Delhi looks underground to solve water shortage

In a radical move, the Delhi Jal Board (DJB) is considering eight projects for conservation of rainwater and groundwater recharge, including one that involves storing excess water in underground aquifers, to address the water shortage in the capital. The water stored can be extracted during the lean season by using a borewell.

The project called Aquifer Storage and Recharge (ASR) wells, which is currently not present in Delhi, and other seven plans were submitted to the DJB as part of a feasibility study done by WAPCOS, a consultancy under the central government’s Ministry of Jal Shakti.

Delhi has a water demand of 1,200 MGD (million gallons per day), but the DJB treats about 930 MGD, leaving the city with a shortage of 22.5% or 270 MGD of water. This is mainly due to unavailability of raw water, according to the DJB.

“This [water conservation] is a priority area for the Jal board. We are taking all measures possible in Delhi to utilise the rainwater and the WAPCOS report is an important step in that direction,” DJB CEO Nikhil Kumar told The Hindu.

On October 30, officials of the DJB had a meeting with WAPCOS about the projects. “We asked them to submit a phase-wise plan to implement the project,” a DJB official, who is privy to the development, said.

ASR wells

An aquifer is a water-bearing zone and under the project, excess water will be stored in aquifers, instead of tanks, through a well. The water can be extracted using the same well or a different one during lean period.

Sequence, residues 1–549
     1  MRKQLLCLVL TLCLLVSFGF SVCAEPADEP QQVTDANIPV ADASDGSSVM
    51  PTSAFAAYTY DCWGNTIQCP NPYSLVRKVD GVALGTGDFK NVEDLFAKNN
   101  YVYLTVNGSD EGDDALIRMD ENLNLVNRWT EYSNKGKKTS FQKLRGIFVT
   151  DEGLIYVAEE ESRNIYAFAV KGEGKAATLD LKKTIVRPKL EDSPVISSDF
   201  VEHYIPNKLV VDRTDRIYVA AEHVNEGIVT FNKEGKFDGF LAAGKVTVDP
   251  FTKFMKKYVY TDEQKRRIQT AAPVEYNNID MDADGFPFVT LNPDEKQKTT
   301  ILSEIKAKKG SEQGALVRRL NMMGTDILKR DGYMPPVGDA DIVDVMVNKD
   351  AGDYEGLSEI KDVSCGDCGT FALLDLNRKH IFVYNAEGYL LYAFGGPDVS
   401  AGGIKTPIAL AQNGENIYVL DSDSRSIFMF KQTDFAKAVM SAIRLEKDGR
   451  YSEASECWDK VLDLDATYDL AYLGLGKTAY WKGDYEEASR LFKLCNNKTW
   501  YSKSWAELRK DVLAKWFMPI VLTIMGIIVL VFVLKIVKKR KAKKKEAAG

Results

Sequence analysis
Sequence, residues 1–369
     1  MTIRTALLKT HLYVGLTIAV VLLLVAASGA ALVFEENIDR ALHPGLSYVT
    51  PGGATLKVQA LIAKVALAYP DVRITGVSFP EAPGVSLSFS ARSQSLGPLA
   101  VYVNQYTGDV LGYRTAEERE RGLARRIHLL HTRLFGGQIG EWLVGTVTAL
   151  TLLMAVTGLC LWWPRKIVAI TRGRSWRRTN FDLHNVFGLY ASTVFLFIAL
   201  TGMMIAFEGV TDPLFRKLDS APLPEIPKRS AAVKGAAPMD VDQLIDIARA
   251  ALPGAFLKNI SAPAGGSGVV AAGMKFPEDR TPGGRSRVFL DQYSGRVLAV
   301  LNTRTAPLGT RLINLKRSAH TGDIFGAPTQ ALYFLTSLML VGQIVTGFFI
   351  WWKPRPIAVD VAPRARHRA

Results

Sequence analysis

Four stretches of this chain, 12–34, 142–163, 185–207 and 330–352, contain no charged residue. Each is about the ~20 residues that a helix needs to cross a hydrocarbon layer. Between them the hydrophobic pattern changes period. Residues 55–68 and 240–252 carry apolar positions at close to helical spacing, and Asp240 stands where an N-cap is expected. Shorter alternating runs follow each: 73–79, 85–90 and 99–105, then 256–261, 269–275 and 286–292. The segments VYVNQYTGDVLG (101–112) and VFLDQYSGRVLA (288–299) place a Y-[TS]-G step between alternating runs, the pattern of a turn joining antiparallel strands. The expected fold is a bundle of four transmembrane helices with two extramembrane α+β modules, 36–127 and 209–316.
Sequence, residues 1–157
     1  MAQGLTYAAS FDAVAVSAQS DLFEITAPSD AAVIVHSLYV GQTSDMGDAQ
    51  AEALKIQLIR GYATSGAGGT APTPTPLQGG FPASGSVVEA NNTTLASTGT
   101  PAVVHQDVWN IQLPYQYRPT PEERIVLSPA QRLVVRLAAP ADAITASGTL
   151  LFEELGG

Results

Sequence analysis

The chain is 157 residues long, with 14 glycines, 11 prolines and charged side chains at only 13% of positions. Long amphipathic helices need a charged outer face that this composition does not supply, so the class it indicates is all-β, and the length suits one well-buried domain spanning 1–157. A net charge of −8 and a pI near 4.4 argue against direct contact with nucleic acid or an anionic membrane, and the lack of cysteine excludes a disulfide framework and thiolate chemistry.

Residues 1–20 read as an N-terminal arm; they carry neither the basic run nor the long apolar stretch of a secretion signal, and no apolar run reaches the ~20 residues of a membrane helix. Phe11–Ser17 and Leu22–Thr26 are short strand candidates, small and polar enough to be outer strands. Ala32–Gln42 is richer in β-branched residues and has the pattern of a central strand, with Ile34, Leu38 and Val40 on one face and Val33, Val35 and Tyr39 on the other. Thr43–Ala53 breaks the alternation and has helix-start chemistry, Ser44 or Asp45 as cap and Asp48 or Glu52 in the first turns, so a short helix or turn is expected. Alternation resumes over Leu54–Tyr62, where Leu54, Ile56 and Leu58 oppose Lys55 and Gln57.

“Water is to be injected during wet periods [monsoon] and it would displace the naturally present water in the aquifer occupying a volume around the well,” a document about the project read.

WAPCOS had told the DJB that pilot ASR demonstration projects need to be carried out by harvesting excess water from the Yamuna, urban storm water runoff or treated water. “The raw water is to be collected in tanks and then treated by slow and rapid sand filter,” the document said about the process to be followed before injecting the water into the aquifer.

“There was a meeting on November 1 with different wings of the DJB where it was discussed that we look into the use of existing borewells in our Okhla water treatment plant for the project. We are still working on the finer details,” the official said.

WAPCOS had submitted a draft feasibility study in May and will complete the study by November 30. According to the document, WAPCOS has proposed 80 such ASR wells in different parts of the city.

Rainwater harvesting

Another project submitted by WAPCOS is recharging groundwater using modular rainwater harvesting tanks, which will be installed underground along 1,209 city road stretches and selected flyovers.

The tanks would collect runoff water, which otherwise flows into the drains. The tanks would purify the water before it recharges the groundwater table. “The on-the-site installation of detention system is both cost-effective and a durable solution for preventing urban flood risks,” the document said.

The other projects include rainwater harvesting in parks, schools, and sports complexes, and creation of check dams among others.

According to WAPCOS , the pilot projects could be started by January 2020 and they can become operational by June 2021. The total cost of the eight projects would be ₹700.4 crore.

“We are looking to implement some of the projects before the next monsoon,” the CEO added.

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Printable version | May 5, 2021 2:00:02 PM |

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